Surely if anything, this decision by the Ard Comhairle demonstrates that, contrary to what has been the Slugger line for years, that SF decisions are all top down and the party meetings such as the Ard Fheis and this AC meeting are mere window dressing to rubber-stamp the will of the leadership,much in the way of Fíanna Fáil, Fine Gael, DUP, Conservative Party, New Labour etc.simply does not hold.

    The argument, or at least the strong inference has also been that Adams retains his position as President only because no one is allowed to, or is afraid to, stand against him. Which neatly ignores the long presidency of the late Rory Brady (1970-1983) and his eventual democratic replacement by Adams, or the long career of Tomás MacGiolla as Sinn Féin President sequeing into Worker’ Party Leader from 1962 to 1988.

    No doubt the Ard Comhairle surprise adoption of Pearse Doherty’s motion to support abolition will leave any argument in support of abolition by Adams pretty implausible but that is part of the price one pay’s in a truly democratic party, leader or no, and no doubt it will be left to Doherty, and whoever was with him for abolition, to make the running in this debate.

    But those who are delighted to see Adams with egg on his face on this issue would best to first wipe the egg off their own face on the matter of democracy within Sinn Féin. Don’tcha think ?

  • Mick Fealty

    What can I say Rory? Except that you learn something new, every day… 😉 It seems like the Presidium rather than the President is the thing.

  • socaire

    Surely Sinn Féin is a revolutionary movement as opposed to a political party?

  • Greenflag

    The Senate needs reforming not abolishing . But 20 million Euros saved is 20 million .Who said the till minders were’nt in charge of the Republic ?. They were just comatose between 2002 and 2010 🙁 Some still are .

  • Comrade Stalin

    I can never recall the Senate having accomplished anything of note, much like the UK House of Lords.

    Get rid of it and strengthen the parliamentary committees. There’s no need to debate the same stuff twice.

  • Rory Carr

    Sinn Féin is a political party which is the political expression of the revoluitionary movement known as the Republican Movement. Or at least that is how it was when it included Cumann na mBán, na Fíanna, not to mention Oglaigh na hÉireann (let’s not mention Oglaigh na hÉireann) which, I understand has been disbanded. I assume (and trust) however that the revolutionary principles remain but, in any case, Sinn Fein remains the most progressive political party in these Isles of Iona, if not indeed in Europe, by a country mile.

  • Mick Fealty

    CS,

    We can get to the detail of the Seanad debate on Monday, but am the only one who thinks the above odd for a political party to swing 180 degrees over such a short time, with no explanation about why a senior politician would describe something power grab in June and then have his party decide it not power grab by August/September?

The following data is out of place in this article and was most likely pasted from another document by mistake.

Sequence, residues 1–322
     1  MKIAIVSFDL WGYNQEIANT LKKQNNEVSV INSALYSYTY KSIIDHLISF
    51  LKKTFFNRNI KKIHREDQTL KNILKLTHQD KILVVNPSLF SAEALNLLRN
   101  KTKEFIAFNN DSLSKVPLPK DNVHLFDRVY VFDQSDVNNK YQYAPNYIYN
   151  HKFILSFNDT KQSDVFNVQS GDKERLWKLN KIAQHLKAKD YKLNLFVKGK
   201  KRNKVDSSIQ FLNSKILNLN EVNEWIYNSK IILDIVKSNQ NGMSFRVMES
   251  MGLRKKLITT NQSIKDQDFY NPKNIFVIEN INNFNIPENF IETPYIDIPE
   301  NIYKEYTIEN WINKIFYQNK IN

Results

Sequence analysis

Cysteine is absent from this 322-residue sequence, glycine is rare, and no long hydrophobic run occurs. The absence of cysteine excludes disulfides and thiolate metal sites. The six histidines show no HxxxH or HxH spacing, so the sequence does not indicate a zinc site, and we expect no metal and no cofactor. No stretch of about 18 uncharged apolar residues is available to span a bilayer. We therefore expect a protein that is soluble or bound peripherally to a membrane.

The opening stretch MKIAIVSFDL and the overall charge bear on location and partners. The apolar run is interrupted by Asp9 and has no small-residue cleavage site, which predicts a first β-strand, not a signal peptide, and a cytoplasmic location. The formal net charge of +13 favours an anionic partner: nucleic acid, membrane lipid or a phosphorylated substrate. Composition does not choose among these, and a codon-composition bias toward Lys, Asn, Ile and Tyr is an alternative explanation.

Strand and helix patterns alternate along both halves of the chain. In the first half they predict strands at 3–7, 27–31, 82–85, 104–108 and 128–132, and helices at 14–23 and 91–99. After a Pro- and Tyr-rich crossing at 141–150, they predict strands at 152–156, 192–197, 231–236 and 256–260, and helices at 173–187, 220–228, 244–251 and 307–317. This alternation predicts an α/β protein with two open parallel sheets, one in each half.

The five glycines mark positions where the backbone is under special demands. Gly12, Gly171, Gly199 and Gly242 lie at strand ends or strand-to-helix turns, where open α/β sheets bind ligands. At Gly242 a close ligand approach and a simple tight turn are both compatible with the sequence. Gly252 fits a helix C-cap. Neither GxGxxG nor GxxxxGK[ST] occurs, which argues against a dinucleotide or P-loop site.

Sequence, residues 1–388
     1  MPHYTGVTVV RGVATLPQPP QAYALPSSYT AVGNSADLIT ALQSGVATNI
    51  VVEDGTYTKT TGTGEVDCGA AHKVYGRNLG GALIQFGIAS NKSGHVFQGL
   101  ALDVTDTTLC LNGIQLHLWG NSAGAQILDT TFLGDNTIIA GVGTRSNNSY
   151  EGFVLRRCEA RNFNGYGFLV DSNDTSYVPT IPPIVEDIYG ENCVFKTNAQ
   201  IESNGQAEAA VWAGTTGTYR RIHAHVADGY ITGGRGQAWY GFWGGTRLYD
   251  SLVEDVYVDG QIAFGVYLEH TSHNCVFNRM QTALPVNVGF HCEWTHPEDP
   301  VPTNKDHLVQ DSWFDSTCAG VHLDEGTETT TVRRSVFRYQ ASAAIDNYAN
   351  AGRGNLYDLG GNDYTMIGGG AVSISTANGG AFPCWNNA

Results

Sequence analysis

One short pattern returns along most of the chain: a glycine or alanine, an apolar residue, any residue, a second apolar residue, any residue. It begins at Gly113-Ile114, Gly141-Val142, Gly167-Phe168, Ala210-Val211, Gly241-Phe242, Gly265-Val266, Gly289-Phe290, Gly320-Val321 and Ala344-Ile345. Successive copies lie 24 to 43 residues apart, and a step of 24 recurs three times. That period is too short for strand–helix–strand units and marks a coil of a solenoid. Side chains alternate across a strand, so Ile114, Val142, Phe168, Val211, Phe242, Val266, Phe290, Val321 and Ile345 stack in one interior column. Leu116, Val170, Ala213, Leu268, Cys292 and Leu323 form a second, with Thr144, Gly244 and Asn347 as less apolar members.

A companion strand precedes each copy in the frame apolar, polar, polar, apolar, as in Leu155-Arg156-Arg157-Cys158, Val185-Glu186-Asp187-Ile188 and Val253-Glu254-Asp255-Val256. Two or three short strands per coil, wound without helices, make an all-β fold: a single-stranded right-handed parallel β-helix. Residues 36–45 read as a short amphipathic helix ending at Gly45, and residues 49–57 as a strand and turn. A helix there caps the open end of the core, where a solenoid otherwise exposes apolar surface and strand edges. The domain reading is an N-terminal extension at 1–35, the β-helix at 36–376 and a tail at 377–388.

• Rory Carr

    No, Mick, you are not alone. I also think it’s odd, but there you go – it’s the kind of thing that happens a lot in politics. David Cameron was recently ever so gung-ho to bomb the shit out of Syria but could not carry sufficient of his party with him and he may again find himself isolated on Europe and a huge drift to the not-so-softly racist and anti-gay UKIP may shortly become apparent as the blue-rinse mob flex their prejudices. Peter Robinson broadcast an intention to seek Catholic support for the DUP yet most of his party would not come within 50 yards of a Catholic had they the choice.

    Of course what is really odd about it, Mick is that it all rather undermines your insistence again and again that the party is in thrall to its leader and has no independent mind when in reality it is the one party in the whole of Ireland where serious debate takes place and where there is a real spirit of democracy with party leaders accountable to the party members through their delegates in conference. This is the type of open party democracy that terrifies the apparatchniks of New Labour, imagine what it would do to the Irish Labour Party or, don’t laugh, Fíanna Fáil or Fine Gael.

  • Mick Fealty

    Another nice try Rory. Except, DC was trying to handle a majority in a parliament where his party is in a minority. In this case, GA’s party let him go to the wire with a position it apparently did not agree with.

    Three observations from this odd episode:

    1. This is a rare glimpse at how SF works internally. I really had no sense that the party would screw over its own leader’s public position within the timeframe of one campaign.

    2. The key shift here appears to be purely tactical. If there was a strategic focus, there would have been no need for the 180 degree turn. Of the turn itself would have had a cogent narrative.

    3. And the tactics appear to be based on enmity particularly with FF rather than on any clear or decipherable principle. Where does this shift leave NI nationalists for instance?